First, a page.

Burke Residency 15: Tomisin Oluwole•
Posted on November 09 2021
EMMA: Hi Tomisin, I’m happy to have the opportunity to connect another Long Beach local and to learn more about you and your art.
TOMISIN: Thanks for having me!
E: Jumping in, I know that you work in several mediums—are a painter and a poet—and I’m wondering if, by way of introduction, you could paint a picture of your art for us with words and if you could articulate what you explore and express through your paintings.
T: Art for me is an extension of self, a fluid expression of my many selves, which includes parts of myself that I am also just beginning to explore. That’s essentially what I try to capture and articulate through my art. I am constantly drawn to colors which I suppose is where the fashion influence comes into play, and that is where the bulk of my intention lies in terms of my paintings. I am more conscious of the colors I decide on for a painting than I am of the form my painting takes, that aspect is usually more intuitive. I just let my imagination take me wherever it pleases, which often gravitates towards the abstract, particularly faces. I hope to elicit curiosity as well as a warm sense of familiarity through my paintings.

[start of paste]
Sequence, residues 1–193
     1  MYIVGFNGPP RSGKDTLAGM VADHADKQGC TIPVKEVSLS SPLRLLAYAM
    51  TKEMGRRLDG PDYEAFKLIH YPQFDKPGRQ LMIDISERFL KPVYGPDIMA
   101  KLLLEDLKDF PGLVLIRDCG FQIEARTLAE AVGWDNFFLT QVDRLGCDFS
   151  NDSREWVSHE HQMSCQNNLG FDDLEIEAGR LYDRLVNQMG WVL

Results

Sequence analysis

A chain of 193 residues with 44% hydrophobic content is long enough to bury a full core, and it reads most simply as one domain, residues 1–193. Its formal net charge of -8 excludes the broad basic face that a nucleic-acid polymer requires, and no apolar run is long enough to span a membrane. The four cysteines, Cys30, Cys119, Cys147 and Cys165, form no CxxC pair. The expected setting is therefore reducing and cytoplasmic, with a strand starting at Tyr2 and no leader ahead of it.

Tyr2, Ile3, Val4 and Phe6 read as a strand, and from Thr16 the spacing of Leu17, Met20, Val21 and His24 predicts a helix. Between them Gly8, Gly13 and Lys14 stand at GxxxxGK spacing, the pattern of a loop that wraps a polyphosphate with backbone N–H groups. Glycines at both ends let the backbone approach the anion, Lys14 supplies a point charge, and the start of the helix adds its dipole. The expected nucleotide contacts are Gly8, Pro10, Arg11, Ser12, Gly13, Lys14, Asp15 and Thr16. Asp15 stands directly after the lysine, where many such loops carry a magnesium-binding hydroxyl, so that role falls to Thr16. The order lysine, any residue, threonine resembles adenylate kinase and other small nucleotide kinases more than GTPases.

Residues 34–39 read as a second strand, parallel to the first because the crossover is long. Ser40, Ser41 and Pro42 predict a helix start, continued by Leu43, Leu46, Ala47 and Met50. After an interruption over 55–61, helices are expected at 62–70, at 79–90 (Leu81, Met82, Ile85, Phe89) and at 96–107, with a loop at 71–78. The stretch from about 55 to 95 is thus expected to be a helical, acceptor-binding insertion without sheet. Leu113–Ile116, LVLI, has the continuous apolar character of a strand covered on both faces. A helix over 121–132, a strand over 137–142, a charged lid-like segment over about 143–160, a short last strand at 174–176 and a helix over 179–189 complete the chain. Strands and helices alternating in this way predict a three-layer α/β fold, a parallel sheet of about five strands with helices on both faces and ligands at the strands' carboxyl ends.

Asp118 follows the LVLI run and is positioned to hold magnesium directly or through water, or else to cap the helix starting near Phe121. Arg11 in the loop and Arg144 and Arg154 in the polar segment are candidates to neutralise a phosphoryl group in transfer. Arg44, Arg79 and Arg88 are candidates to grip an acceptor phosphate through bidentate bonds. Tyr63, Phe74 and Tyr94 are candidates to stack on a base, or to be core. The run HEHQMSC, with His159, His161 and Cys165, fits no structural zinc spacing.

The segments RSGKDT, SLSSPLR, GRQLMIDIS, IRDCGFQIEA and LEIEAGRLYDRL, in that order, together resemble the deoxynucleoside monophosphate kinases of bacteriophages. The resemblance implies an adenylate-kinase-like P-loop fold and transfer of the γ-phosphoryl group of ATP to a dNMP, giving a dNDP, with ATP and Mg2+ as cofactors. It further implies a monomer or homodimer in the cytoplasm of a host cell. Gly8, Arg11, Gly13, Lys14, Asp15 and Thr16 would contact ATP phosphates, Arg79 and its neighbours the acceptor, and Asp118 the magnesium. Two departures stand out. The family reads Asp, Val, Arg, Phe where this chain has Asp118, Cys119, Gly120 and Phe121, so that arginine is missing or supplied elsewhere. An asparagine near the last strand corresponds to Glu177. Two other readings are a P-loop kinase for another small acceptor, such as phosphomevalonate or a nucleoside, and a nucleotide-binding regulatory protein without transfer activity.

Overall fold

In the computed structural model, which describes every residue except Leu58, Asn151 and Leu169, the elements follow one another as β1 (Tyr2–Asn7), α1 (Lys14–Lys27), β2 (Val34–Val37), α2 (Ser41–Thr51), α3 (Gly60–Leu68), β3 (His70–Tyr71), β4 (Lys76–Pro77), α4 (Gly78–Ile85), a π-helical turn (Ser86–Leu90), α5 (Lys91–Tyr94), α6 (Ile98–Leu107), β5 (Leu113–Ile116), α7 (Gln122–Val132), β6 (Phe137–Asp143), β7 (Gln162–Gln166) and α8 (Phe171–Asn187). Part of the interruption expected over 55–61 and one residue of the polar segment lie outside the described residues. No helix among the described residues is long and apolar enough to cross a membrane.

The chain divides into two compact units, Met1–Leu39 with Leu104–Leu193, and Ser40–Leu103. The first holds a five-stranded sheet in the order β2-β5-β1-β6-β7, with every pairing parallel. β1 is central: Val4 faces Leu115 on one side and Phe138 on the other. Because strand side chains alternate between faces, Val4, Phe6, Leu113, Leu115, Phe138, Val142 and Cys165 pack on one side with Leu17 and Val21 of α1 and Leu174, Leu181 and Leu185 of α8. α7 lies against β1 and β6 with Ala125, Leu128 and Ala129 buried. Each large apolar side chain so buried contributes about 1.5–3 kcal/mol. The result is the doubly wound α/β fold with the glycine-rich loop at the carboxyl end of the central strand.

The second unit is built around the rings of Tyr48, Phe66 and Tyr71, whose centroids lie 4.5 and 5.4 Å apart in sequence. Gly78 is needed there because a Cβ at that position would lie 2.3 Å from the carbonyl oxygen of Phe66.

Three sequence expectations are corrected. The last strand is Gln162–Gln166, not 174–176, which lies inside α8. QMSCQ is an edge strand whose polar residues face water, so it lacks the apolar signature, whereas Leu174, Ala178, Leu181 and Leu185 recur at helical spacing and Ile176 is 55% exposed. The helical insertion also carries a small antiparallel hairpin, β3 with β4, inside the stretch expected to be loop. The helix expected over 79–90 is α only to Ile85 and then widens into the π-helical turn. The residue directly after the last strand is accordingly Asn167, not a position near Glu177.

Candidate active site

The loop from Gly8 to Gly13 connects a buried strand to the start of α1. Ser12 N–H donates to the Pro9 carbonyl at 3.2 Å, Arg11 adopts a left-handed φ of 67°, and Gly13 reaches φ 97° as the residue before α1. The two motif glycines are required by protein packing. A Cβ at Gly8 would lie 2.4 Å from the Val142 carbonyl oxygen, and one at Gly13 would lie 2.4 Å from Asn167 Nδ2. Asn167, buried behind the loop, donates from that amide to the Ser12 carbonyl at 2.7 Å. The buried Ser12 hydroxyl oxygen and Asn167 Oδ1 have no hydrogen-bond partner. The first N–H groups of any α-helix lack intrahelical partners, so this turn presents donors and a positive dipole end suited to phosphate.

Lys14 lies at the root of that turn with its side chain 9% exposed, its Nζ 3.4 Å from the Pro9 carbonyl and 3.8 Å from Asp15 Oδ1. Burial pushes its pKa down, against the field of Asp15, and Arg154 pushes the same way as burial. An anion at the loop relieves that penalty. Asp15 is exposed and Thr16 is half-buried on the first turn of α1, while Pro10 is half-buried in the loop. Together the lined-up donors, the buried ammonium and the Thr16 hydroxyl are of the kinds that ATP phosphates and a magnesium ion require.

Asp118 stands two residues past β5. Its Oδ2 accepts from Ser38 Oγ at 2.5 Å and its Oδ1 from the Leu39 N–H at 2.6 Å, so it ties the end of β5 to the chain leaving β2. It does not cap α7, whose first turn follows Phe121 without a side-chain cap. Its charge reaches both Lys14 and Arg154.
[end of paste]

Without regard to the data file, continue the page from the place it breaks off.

E: Now that you’ve introduced your art to us, could you tell us a little more about yourself—elaborate the picture to include the artist behind the work?
T: Of course! My name is Tomisin Oluwole (Tomiluw), and I am a multi-faceted artist currently living in Long Beach. I was born and raised in Nigeria, which is where my immediate family is still based, and I came to Long Beach about 6 years ago to study Fashion Merchandising at California State University, Long Beach (CSULB). Presently, I am pursuing my Masters in Linguistics, which is certainly different but just as exciting to me. I published my first poetry book titled, Half Past in the A.M.: a conversation amongst selves, last year, and I continue to create when I am not studying haha.
E: On your website, you identify as a poet, painter, fashion stylist, and photographer. Could you talk a bit about how you engage these different artistic modes? Do they feel like separate undertakings for you or do you see them as being interrelated?
T: I view each of my artistic modes as branches from the same tree, they feed off and into each other. So, they feel quite interrelated to me. For instance, I might paint something or take a photo that inspires me to write a poem about it. And as for my fashion, every time I dress myself, I am honoring that artistic mode. I think the distinction or separation for me is in what aspect of myself they invoke or allow me to engage with. I’ve always had a broad and diverse range of interests whether it pertains to music or film or whatever. I don’t try to limit myself or my fascinations. For me, my artistic mediums inform who I am as a whole and are quite cohesive because at the end of the day, they’re all art.
E: Your book of poetry, Half Past in the A.M.: a conversation amongst selves, explores the self in different facets—the multiple selves and voices that we each have inside of us. I’d love to hear you talk more about this and to hear how this connects to your approach to your painting, poetry, photography, and fashion work. For you, are these each different means of self-exploration?